Crown Tower, Macau
January 16, 2010, 3:03 pm
Filed under: holiday, hotels | Tags: , , , ,

The Crown Tower is part of a trio of hotels in the loftily-named City of Dreams, the latest megaplex to be built on the reclaimed soil of the sprawling Cotai Strip, Macau’s latest glitzy gambling enclave.  The other two hotels on the Australian Melco-owned property are the Hard Rock Hotel Macau and the Grand Hyatt Macau.

Like most casino-linked hotels in Macau, the exterior of the Crown Tower is replete with blinking LED lights, but thankfully, once inside, the decor is one of tasteful, discreet elegance.  There are no crystal chandeliers to be found.  Instead, the lobby is understated and contemporary, with plush seating areas and clean, flowing lines accentuating its sense of space.

The room continues the subtle luxury, with Aigner Black toiletries, touchscreen operated room service, and blinds that are drawn at the touch of a button.  The generously-sized divan overlooking the Venetian, as well as a marble-topped work rounded out the in-room amenities.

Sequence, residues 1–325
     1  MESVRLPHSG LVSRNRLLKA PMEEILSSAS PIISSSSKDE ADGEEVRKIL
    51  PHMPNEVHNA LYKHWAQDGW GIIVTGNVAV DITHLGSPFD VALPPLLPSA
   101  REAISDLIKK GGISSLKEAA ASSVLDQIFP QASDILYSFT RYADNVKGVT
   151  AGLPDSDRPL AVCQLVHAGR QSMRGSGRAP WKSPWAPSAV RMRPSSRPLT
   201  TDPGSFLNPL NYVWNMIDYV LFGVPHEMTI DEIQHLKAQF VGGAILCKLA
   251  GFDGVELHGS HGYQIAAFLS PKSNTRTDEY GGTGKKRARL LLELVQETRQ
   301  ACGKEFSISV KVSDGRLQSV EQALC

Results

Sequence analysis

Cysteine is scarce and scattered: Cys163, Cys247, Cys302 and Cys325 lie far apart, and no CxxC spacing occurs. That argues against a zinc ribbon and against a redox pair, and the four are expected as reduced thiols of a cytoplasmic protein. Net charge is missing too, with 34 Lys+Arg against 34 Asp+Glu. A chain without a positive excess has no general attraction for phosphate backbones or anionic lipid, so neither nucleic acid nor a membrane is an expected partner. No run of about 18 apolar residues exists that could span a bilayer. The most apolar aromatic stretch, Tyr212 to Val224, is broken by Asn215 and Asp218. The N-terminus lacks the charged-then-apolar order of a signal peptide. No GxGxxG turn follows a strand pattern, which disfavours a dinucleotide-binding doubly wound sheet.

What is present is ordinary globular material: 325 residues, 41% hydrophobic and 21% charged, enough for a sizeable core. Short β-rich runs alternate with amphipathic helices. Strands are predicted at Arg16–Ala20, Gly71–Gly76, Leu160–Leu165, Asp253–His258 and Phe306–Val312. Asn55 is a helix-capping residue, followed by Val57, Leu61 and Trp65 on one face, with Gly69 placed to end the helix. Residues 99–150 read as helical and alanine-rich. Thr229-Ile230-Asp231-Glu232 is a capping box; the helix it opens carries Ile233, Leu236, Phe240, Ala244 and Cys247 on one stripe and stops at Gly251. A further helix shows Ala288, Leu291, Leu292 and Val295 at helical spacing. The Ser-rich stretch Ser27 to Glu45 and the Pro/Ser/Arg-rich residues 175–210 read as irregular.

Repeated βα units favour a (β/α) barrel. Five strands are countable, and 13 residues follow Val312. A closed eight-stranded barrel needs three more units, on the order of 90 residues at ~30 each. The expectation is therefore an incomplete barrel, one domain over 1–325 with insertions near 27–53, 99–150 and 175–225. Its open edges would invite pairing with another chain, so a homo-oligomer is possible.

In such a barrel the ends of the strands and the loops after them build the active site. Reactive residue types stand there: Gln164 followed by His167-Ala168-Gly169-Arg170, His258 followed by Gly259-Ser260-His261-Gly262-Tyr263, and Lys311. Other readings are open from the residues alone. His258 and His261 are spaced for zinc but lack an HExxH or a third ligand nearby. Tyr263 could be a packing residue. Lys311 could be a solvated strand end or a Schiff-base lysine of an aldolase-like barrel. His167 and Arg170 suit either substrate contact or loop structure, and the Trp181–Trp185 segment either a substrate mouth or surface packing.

The bathroom, consisting of the by now de rigueur rain shower suite, soaking tub,  separate enclosed toilet facility, and walk-in wardrobe, is possibly the largest and most opulent I’ve yet seen.

The gym is fairly large for a 286-room property, but is strangely mis-equipped.  The basics–treadmills, ellipptical trainers–are present, but the multi-use station, which takes up the majority of the space, did a rather poor job of training the cores.

Since I am no gambler, I was more interested in the entertainment and shopping options.  As far as shopping is concerned, the retail mix at the City of Dreams is no different from that of the Venetian across the street, or for that matter, the other burgeoning integrated resorts that Macau is now festooned with.  Spanking new boutiques from Alfred Dunhill to Vivien Westwood dot its winding boulevard.  The casino and adjoining hotels do bring in live entertainment, and during my stay, a Taiwanese band was in-residence, performing with gusto in the casino lounge.

Finally, there is “The Bubble,” billed as an immersive multimedia show that while slightly kitschy, is a crowd puller (entry is free).